August 21, 2017

The Beatitudes

By David E. Koltenbah

It has been stated previously that the Beatitudes comprise part of the introduction to the Heavenly King's
Inaugural Address and describe the state, or character, of the citizens of His kingdom. It is unfortunate that
in the popular concept the manly characteristic commended by Jesus in the third Beatitude is so sadly shorn
of its strength. "Meekness" is associated by many people with "weakness." Is this concept accurate? We must
ask, therefore,


I - What Is Meekness?


The original word (praus, praos) was used by many pre-Christian writers and primarily meant "mild,
gentle." Thus they applied it to inanimate things, such as the wind - a "meek (mild) wind." They applied it also
to the conduct of men, but the "meekness" so described was only an outward characteristic, not in inward,
spiritual quality. Furthermore, the word contemplated relations of men only to men, never toward God (Vincent,
Word Studies, in loc.) The word took on a vastly richer meaning, however, under the Spirit-guided pen of the
writers of Holy Scripture. Thus the Biblical use of the word is perhaps best defined by looking at some
Scriptural examples of meekness.


Jesus was "meek and lowly in heart" (Matt. 11:29; cf. 2 Cor. 10.1), as were also His apostles Paul, John,
and Peter. Moses was a supreme example of meekness ('anavah) in the Old Testament: "Now the man Moses
was very meek, above all the men that were upon the face of the earth." (Num. 12:3) From our knowledge of
the lives of the Savior and these His servants, we may make certain observations concerning "meekness."


Thus note (I) meekness is not mere shyness or timidity, for true meekness may be discovered in persons whose
natural tendency is the opposite of this. The first epistle of John was the work of a meek man, but the author
was - at least earlier in life - naturally a fiery and stormy "son of thunder." (Mk. 3:17; Lk. 9:54) One as
impetuous and forward as Peter could advocate the peaceable reception of ill treatment (1 Pet. 2:18; cf. Matt.
16:22) Moses was meek, but it is seriously doubted that he was the timid sort. His meekness is supposed by
some to be in his alleged timidity in Exod. chaps. 3, 4. Note that while Jehovah became angry with Moses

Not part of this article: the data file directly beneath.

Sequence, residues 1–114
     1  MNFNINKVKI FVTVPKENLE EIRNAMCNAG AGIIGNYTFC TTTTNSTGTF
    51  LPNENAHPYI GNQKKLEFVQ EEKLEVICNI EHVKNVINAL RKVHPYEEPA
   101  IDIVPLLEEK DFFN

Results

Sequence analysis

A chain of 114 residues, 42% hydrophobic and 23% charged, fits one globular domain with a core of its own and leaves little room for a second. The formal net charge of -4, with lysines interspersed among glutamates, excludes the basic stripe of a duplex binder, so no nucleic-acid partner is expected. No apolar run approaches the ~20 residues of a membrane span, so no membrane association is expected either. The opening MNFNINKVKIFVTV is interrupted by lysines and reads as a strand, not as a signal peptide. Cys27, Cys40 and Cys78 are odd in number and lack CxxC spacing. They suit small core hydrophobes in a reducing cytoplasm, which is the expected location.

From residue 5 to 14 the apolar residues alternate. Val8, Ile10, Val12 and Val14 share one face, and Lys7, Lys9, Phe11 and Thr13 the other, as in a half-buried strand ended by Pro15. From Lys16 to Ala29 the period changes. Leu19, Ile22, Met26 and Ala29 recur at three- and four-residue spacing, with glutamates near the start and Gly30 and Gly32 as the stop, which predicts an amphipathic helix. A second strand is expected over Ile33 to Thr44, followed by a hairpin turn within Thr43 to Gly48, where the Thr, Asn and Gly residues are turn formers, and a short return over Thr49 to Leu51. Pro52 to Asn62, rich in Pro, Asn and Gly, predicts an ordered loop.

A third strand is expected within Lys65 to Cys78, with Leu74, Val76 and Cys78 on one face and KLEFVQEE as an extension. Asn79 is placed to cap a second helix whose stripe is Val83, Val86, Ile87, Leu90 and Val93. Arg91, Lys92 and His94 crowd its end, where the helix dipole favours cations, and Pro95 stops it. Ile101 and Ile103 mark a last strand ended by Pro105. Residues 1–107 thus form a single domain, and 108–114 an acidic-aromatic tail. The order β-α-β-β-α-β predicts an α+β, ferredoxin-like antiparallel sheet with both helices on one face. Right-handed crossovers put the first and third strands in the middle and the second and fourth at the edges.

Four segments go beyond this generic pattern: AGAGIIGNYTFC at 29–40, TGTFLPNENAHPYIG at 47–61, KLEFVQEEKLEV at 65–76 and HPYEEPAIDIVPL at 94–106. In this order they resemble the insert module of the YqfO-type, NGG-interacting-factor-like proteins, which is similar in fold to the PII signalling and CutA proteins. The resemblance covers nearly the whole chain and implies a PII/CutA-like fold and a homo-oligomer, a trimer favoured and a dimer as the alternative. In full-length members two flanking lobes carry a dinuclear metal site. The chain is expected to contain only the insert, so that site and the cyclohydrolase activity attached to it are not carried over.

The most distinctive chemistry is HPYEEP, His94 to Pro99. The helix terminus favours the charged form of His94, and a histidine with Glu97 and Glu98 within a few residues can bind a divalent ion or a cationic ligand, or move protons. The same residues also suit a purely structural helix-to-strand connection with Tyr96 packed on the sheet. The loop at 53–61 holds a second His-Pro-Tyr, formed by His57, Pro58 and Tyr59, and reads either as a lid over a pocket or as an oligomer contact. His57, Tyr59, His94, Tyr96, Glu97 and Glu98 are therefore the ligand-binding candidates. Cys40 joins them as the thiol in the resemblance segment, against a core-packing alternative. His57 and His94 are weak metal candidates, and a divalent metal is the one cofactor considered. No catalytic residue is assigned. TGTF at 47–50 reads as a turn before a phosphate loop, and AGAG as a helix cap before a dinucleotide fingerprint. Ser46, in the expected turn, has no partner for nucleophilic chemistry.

(Exod. 4:14) for the man's four fold objection to returning to Egypt to lead forth the people, yet with the
objections of the youthful and truly timid Jeremiah Jehovah did not become angry, but only tenderly encouraged
the prophet. (Jer. 1:4-10 & ff.) Undoubtedly Jehovah's anger toward Moses may be accounted for by the fact
that this behavior was not natural to Moses, a man who on various occasions both prior to his call and
afterwards exhibited a rare courage and fortitude, not to mention a lightning anger. (Exod. 1:12; 32:19 ff; Num.
20:10). Surely Moses unwillingness to return to Eygpt must be explained on grounds other than mere natural
shyness. Nevertheless, he was a very meek man, but that meekness was not a mere natural reticence.


Again, we would certainly misunderstand Scripture were we to believe meekness is (2) the attitude that
surrenders our rights without objection. Jesus objected to the illegal brutality of His trial (John 18:23), although
rightly indignant when his rights as a Roman citizen were violated at Philippi (Acts 16:37 ), and again on more
than one occasion insisted his civil rights be recognized, objecting to unjust and illegal treatment at the hands
of both Romans and Jews. (Acts 22:25; 25:11 ) Meekness is not that pusillanimous and unnecessary
submission to persecution which some think. Needless to say, neither is it the unnecessary provocation of
persecution which in some religious folk seems to be almost a pathological condition.


It is superfluous to point out further that it is not (3) pessimistic surrender. It is not meekness that leads
the condemned criminal occasionally to submit without resistance to his execution, for this is only a fatalistic
resignation to that which he considers irresistible. Jesus went to the cross meekly, but not with this attitude.
The discouraged Christian who has given up the struggle against his wicked oppressors merely because he
considers further resistance futile is not truly meek, though he may outwardly appear to be.


From the above examples, as well as the following, we know that meekness is certainly not (4) cowardice
or weakness of character.


What then is the quality of meekness? It is an inward spiritual quality unknown to the early Greek writers
who, when using the word to describe men, attached to it a somewhat mean sense. With them it denoted
condescension - a kindness to be sure, but a self-asserting and sometimes merely self-interested kindness, such
as that of a king (or a modern preacher!) who finds it very much to his political advantage to show kind favors
to his subjects. But the New Testament writers denoted by the word a submissiveness - a self-abasement, rather